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Storytelling for EFL Students

Storytelling is an important skill for EFL students to learn. In fact, being able to tell a story is a helpful human skill as we are constantly constructing narratives to explain what we are doing, to persuade others, to ask for help, to offer advice. Many EFL students have trouble improvising fluently though. It’s hard to tell a story, remember the right words, get your grammar correct, and speak comprehensibly all in a foreign language. So students need a lot of practice telling a story and doing so fluently, without much hesitation. So we’re giving away one of Cristian’s […]

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Public Speaking in English is Scary. Drama Can Help

Poor Emilio! He seemed like such a confident student, but when he had to give a talk in front of the class, he ran to the bathroom and was sick. Emilio’s case might be extreme, but according to the psychologist, Michelle Lynsky, public speaking is one of the most terrifying experiences of modern life, and that’s for people performing in their first language. To feel confident, speakers need to feel the audience is on their side. For this to happen, they need believe that a) they have something interesting to say, b) that the audience will understand it, and […]

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Are You Teaching the Hidden Grammar of Conversation?

We’re excited to a brand-new series, Adrift, a four-episode video drama and accompanying coursebook for learners created by Chasing Time English for C1+/advanced language learners. The videos (available for free on the Chasing Time English site) provide engaging input for natural language as well as demonstrating how body language, gesture, facial expression, and voice are used to communicate non-verbally. And the story line will get students talking as if it were their new favorite TV show: A man wakes up in a mysterious room. An unknown agent interrogates him about his last job, a job that went wrong, unbeknownst […]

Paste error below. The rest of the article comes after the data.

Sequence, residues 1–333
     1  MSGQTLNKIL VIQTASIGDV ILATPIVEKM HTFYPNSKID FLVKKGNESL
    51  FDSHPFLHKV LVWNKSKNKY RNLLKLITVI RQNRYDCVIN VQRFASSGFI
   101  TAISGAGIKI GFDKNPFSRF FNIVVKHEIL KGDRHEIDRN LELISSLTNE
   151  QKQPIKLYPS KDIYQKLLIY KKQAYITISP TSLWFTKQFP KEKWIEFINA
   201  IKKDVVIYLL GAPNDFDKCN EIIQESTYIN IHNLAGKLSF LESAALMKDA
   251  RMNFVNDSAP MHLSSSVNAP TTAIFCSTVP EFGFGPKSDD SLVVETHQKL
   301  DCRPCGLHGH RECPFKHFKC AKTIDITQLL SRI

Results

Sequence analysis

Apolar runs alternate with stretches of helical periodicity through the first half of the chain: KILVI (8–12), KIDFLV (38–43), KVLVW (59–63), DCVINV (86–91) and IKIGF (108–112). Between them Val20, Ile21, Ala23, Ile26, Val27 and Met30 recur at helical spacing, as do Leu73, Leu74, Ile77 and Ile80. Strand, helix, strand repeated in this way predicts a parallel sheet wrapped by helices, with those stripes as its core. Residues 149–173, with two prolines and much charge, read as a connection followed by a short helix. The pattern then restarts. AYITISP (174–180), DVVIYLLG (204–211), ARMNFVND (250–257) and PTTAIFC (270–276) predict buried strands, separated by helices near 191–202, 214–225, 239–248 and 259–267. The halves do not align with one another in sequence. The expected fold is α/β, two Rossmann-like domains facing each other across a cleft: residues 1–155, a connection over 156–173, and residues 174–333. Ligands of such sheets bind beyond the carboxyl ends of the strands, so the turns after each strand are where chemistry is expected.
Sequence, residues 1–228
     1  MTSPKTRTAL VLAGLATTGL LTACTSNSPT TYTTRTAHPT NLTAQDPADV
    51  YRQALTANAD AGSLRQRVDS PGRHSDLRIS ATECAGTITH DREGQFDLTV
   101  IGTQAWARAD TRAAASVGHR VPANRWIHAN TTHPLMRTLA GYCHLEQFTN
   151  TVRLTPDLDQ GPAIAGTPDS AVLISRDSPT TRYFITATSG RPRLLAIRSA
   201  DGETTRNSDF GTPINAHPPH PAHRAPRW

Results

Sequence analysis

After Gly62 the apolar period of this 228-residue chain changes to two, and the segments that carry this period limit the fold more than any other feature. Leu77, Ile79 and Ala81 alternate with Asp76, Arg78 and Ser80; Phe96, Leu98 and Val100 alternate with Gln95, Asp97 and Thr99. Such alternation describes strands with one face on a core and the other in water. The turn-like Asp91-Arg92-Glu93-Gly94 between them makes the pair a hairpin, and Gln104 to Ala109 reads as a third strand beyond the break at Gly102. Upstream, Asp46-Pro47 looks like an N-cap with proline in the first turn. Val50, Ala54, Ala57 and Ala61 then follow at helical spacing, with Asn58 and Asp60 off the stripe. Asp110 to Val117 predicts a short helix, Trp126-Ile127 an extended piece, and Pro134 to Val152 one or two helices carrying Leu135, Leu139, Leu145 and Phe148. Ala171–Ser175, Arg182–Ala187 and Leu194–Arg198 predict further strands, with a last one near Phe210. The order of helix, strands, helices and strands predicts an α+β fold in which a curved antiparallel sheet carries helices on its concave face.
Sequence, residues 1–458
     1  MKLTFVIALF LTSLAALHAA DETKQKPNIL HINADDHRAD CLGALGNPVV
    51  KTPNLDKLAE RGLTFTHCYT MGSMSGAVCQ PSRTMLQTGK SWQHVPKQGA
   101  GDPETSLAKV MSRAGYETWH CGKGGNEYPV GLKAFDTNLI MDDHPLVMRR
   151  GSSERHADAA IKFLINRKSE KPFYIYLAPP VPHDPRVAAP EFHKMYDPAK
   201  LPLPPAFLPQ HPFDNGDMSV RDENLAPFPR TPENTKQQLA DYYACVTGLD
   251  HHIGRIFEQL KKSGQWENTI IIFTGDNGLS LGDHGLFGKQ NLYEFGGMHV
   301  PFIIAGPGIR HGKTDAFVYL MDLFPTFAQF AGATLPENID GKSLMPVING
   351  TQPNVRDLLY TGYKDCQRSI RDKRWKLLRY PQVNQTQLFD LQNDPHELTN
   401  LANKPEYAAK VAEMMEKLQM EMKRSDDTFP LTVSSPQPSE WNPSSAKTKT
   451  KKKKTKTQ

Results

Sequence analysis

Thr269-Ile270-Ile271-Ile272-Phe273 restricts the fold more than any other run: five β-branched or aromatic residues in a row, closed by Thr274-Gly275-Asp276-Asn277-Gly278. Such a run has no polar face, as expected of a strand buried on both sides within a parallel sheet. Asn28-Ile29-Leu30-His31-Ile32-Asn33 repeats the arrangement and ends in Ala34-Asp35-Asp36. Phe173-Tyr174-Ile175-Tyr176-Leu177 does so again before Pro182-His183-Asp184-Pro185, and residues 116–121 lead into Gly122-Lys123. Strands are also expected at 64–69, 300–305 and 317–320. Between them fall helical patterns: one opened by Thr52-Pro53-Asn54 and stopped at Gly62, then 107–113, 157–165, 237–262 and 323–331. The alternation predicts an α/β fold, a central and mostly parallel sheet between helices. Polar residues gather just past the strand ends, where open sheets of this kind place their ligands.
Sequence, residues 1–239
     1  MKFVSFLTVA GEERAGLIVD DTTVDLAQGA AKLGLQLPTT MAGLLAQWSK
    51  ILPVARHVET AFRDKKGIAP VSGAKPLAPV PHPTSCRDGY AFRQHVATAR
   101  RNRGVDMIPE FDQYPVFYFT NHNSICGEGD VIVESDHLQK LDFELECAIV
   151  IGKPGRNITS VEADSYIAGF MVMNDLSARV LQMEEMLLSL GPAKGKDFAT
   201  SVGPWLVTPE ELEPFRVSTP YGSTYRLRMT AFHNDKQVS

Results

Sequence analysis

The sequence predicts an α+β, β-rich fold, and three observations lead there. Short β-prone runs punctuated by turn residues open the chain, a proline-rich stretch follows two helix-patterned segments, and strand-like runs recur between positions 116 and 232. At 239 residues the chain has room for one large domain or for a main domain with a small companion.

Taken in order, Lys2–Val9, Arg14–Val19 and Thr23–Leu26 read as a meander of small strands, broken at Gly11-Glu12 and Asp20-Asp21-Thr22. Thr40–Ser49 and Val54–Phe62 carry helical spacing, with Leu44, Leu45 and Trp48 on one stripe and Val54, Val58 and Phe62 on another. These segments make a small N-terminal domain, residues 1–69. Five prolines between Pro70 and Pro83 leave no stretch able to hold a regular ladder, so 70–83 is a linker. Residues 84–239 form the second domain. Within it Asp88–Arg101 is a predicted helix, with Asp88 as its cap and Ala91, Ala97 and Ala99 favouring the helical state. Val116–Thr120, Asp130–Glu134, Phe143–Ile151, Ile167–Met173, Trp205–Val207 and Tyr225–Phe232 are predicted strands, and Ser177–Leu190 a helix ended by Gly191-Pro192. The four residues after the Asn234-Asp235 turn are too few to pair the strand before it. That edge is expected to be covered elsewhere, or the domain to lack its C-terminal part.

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How to Put on a Play in Class

The benefits of drama in the English classroom are surprising. Students learn and practice a variety of acting skills, using their bodies and voices to make meaning. When they put on a play, what to say is given to them so they can focus on how to say it. Speaking with emotion and attitude are skills we don’t always find in our coursebooks. And when students act a role, it’s a sort of safe space where they can make mistakes. Plays are also usually written in natural language so they are a wealth of idioms and conversational expressions. They are […]

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Conversational Moves

So many speaking materials focus on micro-language: application of a grammatical form, pronunciation of a syllable, maybe memorization of a useful phrase. But students do not get much scaffolding for a macro-approach that integrates larger elements of language such as longer turns, or whole sections of a conversation with a particular purpose or theme. Richard Swales talked about analyzing written work in terms of rhetorical moves, or places where we start new sections with a new objective. We can apply the same analysis to conversations, showing students different ways we perform conversational moves such as, starting a conversation, engaging in […]